New Asian Rodent Found as Food Is "Living Fossil," Gene Study Confirms

<< Back to Page 1   Page 2 of 2

Together, the two data sets finally pin down where the species falls on the rodent family tree, the authors of the new study say.

Working independently on separate genetic tests, three research teams in France, Israel, and the United States compared rock rat genes with the counterpart genes in other rodents.

The scientists looked to see if the rock rat shared genetic mutations with other rodent species, which would suggest a close evolutionary relationship.

"Jumping Genes"

Also for the new study, German researchers examined other pieces of DNA known as transposons, or "jumping genes."

The genes—which copy themselves, float to other spots in the genome, and randomly insert themselves—told the same story about the rock rat's ancient lineage.

"Their result looks pretty solid," said Ronald DeBry, a molecular biologist at the University of Cincinnati in Ohio who was not involved in the research.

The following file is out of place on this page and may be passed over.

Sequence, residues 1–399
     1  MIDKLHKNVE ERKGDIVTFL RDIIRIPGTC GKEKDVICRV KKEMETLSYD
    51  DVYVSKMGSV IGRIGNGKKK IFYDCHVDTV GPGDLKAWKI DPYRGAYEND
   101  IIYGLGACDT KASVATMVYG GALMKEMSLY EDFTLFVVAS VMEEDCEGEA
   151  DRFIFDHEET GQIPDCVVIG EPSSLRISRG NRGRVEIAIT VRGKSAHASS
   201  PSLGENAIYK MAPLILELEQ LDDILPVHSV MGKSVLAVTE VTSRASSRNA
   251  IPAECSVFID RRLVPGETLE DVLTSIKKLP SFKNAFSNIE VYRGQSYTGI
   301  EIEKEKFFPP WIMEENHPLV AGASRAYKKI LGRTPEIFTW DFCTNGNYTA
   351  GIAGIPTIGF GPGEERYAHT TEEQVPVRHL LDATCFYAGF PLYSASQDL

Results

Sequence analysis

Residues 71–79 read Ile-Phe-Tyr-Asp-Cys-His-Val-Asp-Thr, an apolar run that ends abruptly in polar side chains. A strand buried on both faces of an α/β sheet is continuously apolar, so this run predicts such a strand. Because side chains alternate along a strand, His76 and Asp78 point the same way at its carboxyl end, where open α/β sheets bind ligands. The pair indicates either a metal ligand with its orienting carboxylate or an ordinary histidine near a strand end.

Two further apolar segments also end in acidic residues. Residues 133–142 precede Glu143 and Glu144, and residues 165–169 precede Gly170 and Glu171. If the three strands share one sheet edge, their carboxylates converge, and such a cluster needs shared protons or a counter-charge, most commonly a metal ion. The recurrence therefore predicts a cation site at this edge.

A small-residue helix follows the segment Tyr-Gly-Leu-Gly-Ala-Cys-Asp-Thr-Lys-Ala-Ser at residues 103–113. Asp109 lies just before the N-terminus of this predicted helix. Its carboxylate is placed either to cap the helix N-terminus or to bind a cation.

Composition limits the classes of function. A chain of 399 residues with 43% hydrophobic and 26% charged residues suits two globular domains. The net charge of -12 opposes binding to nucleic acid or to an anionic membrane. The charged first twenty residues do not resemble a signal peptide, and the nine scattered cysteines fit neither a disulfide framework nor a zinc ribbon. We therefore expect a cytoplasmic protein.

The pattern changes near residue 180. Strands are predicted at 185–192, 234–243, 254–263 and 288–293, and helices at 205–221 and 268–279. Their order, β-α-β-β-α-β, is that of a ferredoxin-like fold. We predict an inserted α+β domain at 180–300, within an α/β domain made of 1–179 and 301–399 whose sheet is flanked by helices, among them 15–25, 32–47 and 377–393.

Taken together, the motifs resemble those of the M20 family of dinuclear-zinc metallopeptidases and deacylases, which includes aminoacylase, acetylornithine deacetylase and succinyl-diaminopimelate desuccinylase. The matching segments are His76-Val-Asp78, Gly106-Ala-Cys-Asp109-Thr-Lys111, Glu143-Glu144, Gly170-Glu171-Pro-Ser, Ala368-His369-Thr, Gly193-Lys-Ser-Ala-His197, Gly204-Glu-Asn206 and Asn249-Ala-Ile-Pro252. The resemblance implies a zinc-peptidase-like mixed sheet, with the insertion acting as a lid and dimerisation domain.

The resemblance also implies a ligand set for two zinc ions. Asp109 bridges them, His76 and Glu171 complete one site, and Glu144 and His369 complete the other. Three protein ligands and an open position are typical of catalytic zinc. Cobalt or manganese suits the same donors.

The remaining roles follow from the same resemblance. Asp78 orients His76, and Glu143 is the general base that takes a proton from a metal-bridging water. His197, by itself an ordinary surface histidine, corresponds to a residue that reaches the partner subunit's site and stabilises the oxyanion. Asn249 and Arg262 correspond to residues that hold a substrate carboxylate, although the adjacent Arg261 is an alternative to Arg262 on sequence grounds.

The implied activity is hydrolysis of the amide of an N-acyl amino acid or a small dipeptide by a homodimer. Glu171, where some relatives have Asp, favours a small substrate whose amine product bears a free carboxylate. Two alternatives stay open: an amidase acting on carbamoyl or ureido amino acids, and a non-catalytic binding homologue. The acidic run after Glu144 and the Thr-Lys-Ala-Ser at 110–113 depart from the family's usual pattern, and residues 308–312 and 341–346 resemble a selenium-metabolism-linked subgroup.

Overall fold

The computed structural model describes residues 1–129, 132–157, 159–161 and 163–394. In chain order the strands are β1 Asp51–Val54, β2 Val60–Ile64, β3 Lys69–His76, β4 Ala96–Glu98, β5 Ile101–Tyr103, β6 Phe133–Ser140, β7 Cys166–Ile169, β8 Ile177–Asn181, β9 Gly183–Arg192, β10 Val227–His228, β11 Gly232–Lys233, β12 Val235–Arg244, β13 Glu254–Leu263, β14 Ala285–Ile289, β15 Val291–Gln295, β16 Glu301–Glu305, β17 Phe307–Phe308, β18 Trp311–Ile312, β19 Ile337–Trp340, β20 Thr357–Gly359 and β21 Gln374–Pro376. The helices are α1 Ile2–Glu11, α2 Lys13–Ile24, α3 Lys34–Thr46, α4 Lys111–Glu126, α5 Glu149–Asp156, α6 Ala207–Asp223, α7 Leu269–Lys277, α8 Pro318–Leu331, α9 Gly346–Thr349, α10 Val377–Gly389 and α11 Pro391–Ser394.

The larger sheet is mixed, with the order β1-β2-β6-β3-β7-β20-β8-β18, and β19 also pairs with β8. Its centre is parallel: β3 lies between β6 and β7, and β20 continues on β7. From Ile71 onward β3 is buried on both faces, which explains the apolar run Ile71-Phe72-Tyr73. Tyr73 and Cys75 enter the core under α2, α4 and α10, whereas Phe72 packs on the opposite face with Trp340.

He added that by studying the rodent's jumping genes, the study authors "provide a really important and very convincing independent confirmation" of how the various rodent species are related.

Researchers behind the new study argue that, given the rock rat's unusual lineage, it is important to protect the species.

Free Email News Updates
Sign up for our Inside National Geographic newsletter. Every two weeks we'll send you our top stories and pictures (see sample).

<< Back to Page 1   Page 2 of 2


SOURCES AND RELATED WEB SITES

ADVERTISEMENT

NATIONAL GEOGRAPHIC'S PHOTO OF THE DAY

NEWS FEEDS     After installing a news reader, click on this icon to download National Geographic News's XML/RSS feed.   After installing a news reader, click on this icon to download National Geographic News's XML/RSS feed.

Get our news delivered directly to your desktop—free.
How to Use XML or RSS

National Geographic Daily News To-Go

Listen to your favorite National Geographic news daily, anytime, anywhere from your mobile phone. No wires or syncing. Download Stitcher free today.
Click here to get 12 months of National Geographic Magazine for $15.